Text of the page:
October 18, 2013 |
WHEN THE Bulletin closed in 1982, it was a considerable blow to the McBride family. In fact, the family tried to keep it open as best they could. They demonstrated at the building at 30th and Market streets, even holding a candlelight vigil. Nothing worked, of course. The 135-year-old newspaper was doomed. The emotional attachment was a family affair. The late Bill McBride, who died in 1978, was a longtime Bulletin sportswriter, specializing in horse racing, and other family members worked there over the years.
June 9, 2013 |
Sportswriter Bob Lyons was so organized, so diligent, that he wrote his own obituary and left it for his family to disperse to the media. Mr. Lyons, 73, an understated, dignified man who wrote several books connected to the Philadelphia sports scene, died Wednesday of heart disease. One of Mr. Lyon's five children, Rick, said his father left an obituary "not because he wanted to write it, but because he wanted it accurate. He started his career writing obituaries for the Bulletin, and he ended it writing an obituary.
April 30, 2013 |
JACK McBRIDE'S DOOR was always open. Friends, friends of friends, his sons' friends - all were welcome to drop in anytime, check out the refrigerator, have a meal, sleep over if they wanted to. A happy, congenial Irishman, Jack was the kind of guy who always gave of himself, whether it was to his five sons, his cherished grandkids or his many friends. Jack was there with an open door and an open heart. And his grandkids could wrap him around their fingers. They were spoiled rotten by Grandad.
March 28, 2013
By Don Harrison Frank Rizzo died in 1991, but he's still making news. Theatre Exile, a South Philadelphia company, recently announced plans to premiere a work about the former mayor by playwright Bruce Graham, hopefully next year. By the time Rizzo became mayor in 1972, he was on a first-name basis with just about everyone in Philadelphia's news business. For years before entering politics, Rizzo had been a cop - a very visible and quotable cop. A good quote (the more outrageous, the better)
March 6, 2013 |
As a journalist, Herb Drill always looked ahead. He made sure he would be remembered - by writing his own obituary, packed with details of his life. Herbert Alan Drill, 71, formerly of Richboro, Bucks County, a freelance journalist and a former reporter for The Inquirer, died of complications from a genetic disease Monday, Feb. 25, at his home in Jacksonville, Fla. He had been ill for several years, his family said. Mr. Drill worked for The Inquirer beginning in 1989, covering suburban business, police, and municipal government, and writing obituaries.
October 29, 2012
DEAR ABBY : The other day at my in-laws', my mother-in-law, father-in-law, "Bert," and I were in their computer room. Bert has pictures of his family posted on his bulletin board. One of the photos he posted recently I found disturbing. It was of a young, well-endowed woman in her early 20s wearing a tight tube top. What disturbed me was that Bert has printed my 16-year-old daughter's name underneath and the date "2017. " When I asked him about it, he said that was what she will look like at 21. I think it's unnerving for a grandfather to be picturing his only granddaughter in such a manner.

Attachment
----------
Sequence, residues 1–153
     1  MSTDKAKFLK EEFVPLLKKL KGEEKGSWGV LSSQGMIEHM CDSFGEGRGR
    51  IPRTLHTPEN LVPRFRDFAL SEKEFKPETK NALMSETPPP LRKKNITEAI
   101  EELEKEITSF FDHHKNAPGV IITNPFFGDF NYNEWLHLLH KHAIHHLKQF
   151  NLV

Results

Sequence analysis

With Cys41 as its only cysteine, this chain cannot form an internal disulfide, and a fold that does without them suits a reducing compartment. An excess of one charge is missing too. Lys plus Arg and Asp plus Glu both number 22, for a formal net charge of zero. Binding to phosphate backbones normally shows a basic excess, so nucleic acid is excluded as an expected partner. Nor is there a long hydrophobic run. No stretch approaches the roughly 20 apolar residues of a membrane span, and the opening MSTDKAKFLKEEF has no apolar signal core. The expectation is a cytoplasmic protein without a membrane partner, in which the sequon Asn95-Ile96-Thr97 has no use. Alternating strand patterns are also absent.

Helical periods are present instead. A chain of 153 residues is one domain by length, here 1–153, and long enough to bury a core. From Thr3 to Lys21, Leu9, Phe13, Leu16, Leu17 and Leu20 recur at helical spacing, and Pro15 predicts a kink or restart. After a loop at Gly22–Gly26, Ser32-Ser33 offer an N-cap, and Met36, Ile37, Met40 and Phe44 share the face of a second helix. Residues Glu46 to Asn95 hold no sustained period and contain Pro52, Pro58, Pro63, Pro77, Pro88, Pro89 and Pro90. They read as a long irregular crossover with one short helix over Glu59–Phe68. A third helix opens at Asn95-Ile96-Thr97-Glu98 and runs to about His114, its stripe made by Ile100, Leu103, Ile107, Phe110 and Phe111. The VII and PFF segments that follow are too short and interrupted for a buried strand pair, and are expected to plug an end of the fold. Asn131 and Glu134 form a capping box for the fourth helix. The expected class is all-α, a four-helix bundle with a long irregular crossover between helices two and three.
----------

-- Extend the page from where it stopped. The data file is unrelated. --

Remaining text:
August 6, 2012 |
COLUMBIA, Pa. - The proprietor of a restaurant in south-central Pennsylvania who made national headlines when her Sunday discount for anyone showing a church bulletin was challenged by a member of an atheist group says the controversy hasn't hurt business. In fact, Sharon Prudhomme says business is up at Prudhomme's Lost Cajun Kitchen in Columbia, Lancaster County, because of the publicity. She said she had received thousands of supportive e-mails, as well as phone calls and social-media postings.
July 20, 2012 |
The Virgin Mary was due to appear on the night of Sept. 20, 1953. Reappear, actually, as she had already appeared to a group of youngsters twice in two days at 52d Street and Parkside Avenue at the edge of Fairmount Park. More than 50,000 came to see the expected miracle. Among them was Henry R. Darling, a young reporter for the Evening Bulletin, who had been on the paper only a few years and had been assigned obituaries, 50th anniversaries, and innocuous features.
July 18, 2012 |
THE VIRGIN MARY was due to appear on the night of Sept. 20, 1953. Reappear, actually, since she had already appeared to a group of youngsters twice over the previous two days at 52nd Street and Parkside Avenue at the edge of Fairmount Park. More than 50,000 people showed up to witness the expected miracle. Among them was Henry R. Darling, a young reporter for the Evening Bulletin, who had been on the paper only a few years and had been assigned mostly to obits, 50th wedding anniversaries and a few innocuous features.
June 21, 2012 |
THERE WAS the Norristown welder who was adept at sneaking up on skunks, grabbing them by the tail and throwing them over a fence before they could react. There was the female recluse in Wayne who, when she died, left behind 400 bags filled with trash, including three boxes of string, one of which was carefully labeled: "String too short to use. " These were two of the characters whose stories emerged from the typewriter of Joseph P. Barrett during the more than 27 years he worked for the old Philadelphia Bulletin as a police reporter and feature writer.